The fix, is to go into Windows’ Programs and Features, then Turn Windows features on or off, and turn off .NET Framework 3.5, and also 4.8. Let that take effect, reboot, then turn them back on.

Jobs a goodun.

Do yourself a favour and move to Xero.

Sage 50 Data Access will not install. Fails & rolls back at ODBC stage.

The machine is a terminal server. Windows Server 2012 a.k.a. Windows 8.

These are the MSI log lines of interest. Specifically the ‘wrong context’.

MSI (s) (88:A4) [11:25:47:730]: Created Custom Action Server with PID 5344 (0x14E0).
MSI (s) (88:A8) [11:25:47:754]: Running as a service.
MSI (s) (88:A8) [11:25:47:757]: Custom Action Server rejected - Wrong Context
MSI (s) (88:A4) [11:25:47:760]: CA Server Process has terminated.
MSI (s) (88:BC) [11:25:47:760]: Failed to get IMsiCustomAction*
11/05/2021 11:25:47.761 [7048]: Assembly Install: Failing with hr=80070005 at RemoveDirectoryAndChildren, line 393

Custom MSI actions & terminal server wrong context is a known thing apparently, introduced as an issue around Windows 7 / Server 2008 times with some updates to Windows Installer.
The issue seems particularly common with ODBC related packages, and I suspect this is because there are separate User and System contexts for ODBC configurations. Something is getting confused somewhere.

People say to revert various Windows Updates to downgrade the Windows Installer version.
Unfortunately none of that could be applied here for this Server 2012 machine – all the discussion I found was around Server 2008 / Windows Vista/7.

The other suggested workaround of using psexec did work though, and after a day of fighting this, it will do.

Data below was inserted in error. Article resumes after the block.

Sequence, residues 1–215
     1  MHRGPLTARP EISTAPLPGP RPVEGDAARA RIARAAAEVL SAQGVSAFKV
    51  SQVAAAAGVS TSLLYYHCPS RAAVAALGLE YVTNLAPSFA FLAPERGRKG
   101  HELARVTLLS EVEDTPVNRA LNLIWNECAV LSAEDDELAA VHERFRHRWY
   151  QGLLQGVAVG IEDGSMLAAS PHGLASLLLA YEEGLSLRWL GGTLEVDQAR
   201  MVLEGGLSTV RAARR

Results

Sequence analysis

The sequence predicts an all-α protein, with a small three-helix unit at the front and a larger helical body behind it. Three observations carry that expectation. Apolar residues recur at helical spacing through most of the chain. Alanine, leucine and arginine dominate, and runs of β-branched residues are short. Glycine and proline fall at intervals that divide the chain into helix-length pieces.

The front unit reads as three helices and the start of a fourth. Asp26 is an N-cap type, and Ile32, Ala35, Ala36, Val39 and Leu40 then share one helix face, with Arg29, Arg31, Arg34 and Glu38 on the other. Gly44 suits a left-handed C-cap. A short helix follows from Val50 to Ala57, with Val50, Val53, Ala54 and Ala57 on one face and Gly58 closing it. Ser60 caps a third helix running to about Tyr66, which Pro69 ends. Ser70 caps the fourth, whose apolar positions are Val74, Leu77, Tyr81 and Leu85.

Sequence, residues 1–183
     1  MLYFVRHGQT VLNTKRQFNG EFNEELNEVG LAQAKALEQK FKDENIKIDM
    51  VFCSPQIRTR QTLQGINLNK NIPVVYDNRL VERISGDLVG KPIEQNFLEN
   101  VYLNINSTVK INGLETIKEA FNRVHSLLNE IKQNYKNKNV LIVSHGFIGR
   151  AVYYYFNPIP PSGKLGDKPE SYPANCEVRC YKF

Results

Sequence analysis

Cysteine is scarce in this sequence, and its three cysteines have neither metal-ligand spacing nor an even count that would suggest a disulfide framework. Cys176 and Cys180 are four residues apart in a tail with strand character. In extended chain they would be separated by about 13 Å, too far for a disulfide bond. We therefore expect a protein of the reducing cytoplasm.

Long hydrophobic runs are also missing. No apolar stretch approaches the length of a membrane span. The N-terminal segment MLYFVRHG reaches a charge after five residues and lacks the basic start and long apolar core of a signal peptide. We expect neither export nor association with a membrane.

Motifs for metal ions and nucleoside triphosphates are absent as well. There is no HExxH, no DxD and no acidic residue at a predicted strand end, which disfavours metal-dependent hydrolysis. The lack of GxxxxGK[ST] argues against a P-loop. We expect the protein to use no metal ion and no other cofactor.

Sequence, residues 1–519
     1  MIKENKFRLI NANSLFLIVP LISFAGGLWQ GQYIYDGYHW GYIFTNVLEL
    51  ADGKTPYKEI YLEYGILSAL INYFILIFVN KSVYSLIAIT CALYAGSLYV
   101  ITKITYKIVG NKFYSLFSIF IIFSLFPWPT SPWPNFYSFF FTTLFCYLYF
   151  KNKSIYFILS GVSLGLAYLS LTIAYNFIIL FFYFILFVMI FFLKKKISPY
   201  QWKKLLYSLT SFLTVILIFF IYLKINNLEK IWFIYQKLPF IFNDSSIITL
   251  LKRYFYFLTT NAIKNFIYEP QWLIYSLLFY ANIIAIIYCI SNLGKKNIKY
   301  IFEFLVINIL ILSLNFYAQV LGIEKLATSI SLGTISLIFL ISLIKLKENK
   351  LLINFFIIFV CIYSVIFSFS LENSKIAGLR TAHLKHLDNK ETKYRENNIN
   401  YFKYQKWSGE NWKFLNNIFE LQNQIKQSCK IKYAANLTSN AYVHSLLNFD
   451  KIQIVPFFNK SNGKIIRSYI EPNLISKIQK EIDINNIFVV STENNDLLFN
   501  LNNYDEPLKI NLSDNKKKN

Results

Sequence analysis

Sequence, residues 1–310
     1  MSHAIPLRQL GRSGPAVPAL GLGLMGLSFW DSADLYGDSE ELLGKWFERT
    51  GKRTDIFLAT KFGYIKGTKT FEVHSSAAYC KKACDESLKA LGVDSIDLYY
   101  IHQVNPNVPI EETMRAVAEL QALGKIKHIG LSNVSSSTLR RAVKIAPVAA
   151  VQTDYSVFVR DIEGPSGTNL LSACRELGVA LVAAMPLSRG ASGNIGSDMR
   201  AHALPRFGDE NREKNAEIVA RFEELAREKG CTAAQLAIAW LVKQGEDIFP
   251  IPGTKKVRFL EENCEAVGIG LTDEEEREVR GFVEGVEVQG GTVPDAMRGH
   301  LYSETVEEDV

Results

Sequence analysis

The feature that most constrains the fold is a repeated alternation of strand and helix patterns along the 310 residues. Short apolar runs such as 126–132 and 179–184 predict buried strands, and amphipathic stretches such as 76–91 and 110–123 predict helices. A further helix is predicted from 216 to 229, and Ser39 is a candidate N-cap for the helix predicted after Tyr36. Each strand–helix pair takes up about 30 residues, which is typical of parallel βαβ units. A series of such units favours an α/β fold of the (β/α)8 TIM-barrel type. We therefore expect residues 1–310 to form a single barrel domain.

psexec -s -i msiexec /i "c:\users\administrator\Downloads\Sage Accounts 27_2\packages\Sage50Accounts_DataAccess.msi"

Don’t forget you need the full path, because the task runs in a new session / environment as the system account, and will not have the current working directory as its working directory.

If you are installing the whole thing rather than just the DataAccess components, leave off the msiexec /i and just call the installer executable:

psexec -s -i  "c:\users\administrator\Downloads\Sage Accounts 27_2\install.exe"

LINX 12×64 tablet PC cameras not working, BIOS settings kaput, etc.

No it’s not the Windows drivers! The BIOS (UEFI) configuration utility on these things is not built to match the hardware at all. In fact it is wide-open with all the options that the original BIOS-software-supplier has available – most options that are not valid choices for the actual machine at all. A hackers dream perhaps, but a nightmare on this occasion.

Whatever you do, do not do a ‘load defaults’, because you’ll lose the LCD display as well!

If you do lose the LCD display, you’ll need to buy a micro-HDMI to HDMI adapter cable, so that you can plug a big HDMI screen or TV into the tablet, and get back into the BIOS setup, from where you can set the LCD-out to EDP, instead of MIPI or whatever it’s been accidentally set to.

Now, forgetting the above, and even knowing that the problem with the cameras is actually down to the configuration options in the BIOS setup utility, I still could not get the cameras going! There are too many options. It’s not just the list of cameras (front: 6 different camera types, rear: 8 different camera types, or vice-versa), there is more to it than that. I suspect some kind of multiplexer or GPIO module which allows the switching between front/rear camera.. yet more options to which we don’t know the correct setup.